France today (June 5) ended its 15-month boycott of the Western European Union (W.E.U.) Council,?
France today (June 5) ended its 15-month boycott of the Western European Union (W.E.U.) Council, thereby creating a favourable atmosphere for the imminent negotiations on Britain's application to join the Common Market.
Ministers attending the two-day conference in Bonn, the West German capital, avoided dwelling on the procedural differences which led to the French withdrawal under President de Gaulle in February 1969.
But the meeting comes within a month of the start of negotiations in Luxembourg to consider Common Market membership applications from Britain, Denmark, Norway and Ireland.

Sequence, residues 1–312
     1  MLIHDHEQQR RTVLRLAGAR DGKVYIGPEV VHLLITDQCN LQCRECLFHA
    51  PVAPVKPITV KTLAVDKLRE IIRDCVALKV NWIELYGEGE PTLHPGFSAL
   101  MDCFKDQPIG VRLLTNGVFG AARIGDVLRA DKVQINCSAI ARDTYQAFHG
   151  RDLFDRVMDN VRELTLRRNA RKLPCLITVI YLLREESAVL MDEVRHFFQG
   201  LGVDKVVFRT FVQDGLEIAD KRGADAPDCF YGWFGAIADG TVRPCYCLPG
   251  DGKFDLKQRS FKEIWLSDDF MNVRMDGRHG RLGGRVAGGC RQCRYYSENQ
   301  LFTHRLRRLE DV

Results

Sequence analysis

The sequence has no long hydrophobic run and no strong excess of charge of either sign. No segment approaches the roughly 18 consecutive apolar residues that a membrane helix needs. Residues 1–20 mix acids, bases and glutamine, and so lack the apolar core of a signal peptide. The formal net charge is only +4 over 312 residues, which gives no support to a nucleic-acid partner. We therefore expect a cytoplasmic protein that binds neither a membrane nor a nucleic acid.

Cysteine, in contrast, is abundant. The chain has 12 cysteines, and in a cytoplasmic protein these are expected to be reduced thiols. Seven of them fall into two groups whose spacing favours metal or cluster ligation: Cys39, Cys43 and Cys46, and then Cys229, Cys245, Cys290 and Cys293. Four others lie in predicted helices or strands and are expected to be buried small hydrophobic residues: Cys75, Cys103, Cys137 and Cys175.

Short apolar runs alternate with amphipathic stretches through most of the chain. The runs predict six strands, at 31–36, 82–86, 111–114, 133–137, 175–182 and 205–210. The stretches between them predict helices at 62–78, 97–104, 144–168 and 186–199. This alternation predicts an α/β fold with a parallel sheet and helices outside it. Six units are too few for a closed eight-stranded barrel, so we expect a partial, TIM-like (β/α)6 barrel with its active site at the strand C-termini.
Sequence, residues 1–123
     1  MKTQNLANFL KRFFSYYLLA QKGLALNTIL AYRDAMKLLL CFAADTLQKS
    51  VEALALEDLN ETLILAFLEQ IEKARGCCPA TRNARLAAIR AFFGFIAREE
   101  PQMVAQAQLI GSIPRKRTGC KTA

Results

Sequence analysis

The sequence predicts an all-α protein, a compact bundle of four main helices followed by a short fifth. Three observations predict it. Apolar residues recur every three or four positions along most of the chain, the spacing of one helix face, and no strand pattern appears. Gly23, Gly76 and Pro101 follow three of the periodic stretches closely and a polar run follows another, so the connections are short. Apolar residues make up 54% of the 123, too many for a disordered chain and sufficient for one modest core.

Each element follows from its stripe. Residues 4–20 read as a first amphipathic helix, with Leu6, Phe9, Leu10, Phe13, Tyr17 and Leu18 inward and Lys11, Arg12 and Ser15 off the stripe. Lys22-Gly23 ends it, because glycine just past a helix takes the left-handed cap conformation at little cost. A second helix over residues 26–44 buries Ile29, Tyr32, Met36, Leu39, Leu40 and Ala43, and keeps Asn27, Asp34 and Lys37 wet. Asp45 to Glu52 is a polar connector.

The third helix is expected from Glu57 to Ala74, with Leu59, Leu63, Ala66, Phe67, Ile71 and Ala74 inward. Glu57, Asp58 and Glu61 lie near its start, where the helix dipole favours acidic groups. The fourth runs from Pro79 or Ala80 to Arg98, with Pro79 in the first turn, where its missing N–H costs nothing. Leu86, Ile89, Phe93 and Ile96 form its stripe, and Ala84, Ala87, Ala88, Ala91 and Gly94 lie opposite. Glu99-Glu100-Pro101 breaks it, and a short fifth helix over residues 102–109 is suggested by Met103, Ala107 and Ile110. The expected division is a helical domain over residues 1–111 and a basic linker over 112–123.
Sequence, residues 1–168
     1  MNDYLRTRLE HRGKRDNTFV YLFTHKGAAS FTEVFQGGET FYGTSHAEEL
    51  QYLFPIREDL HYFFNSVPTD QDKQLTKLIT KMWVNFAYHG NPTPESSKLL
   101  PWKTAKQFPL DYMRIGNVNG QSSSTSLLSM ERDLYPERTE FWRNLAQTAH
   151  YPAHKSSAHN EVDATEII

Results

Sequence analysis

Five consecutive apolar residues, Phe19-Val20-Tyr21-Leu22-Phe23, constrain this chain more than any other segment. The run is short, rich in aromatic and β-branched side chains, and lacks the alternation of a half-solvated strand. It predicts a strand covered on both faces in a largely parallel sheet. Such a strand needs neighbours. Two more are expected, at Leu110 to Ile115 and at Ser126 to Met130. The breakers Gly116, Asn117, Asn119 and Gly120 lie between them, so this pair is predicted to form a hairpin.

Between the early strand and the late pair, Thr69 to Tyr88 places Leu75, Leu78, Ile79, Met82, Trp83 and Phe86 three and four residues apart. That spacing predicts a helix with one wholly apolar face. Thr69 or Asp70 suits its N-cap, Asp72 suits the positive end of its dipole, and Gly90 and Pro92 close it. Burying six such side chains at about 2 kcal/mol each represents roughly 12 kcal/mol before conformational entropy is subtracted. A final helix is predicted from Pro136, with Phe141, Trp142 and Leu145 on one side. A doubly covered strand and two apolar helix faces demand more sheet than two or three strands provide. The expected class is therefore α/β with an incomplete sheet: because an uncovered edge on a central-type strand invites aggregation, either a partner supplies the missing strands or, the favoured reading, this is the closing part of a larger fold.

French Foreign Minister Maurice Schumann was welcomed cordially by all other Ministers. In a statement, however, he made it clear that in France's view the permanent council of ambassadors and senior officials could only discuss a major world political development if instructed by all seven W.E.U. governments. The original dispute arose over Britain's insistence that the Council discuss the Middle East Crisis despite France's refusal to agree to this.
Mr. George Thomson, British Minister for European Affairs, said Britain had applied for membership of the Common Market for the political advantages of a united Europe as well as the economic benefits which might result.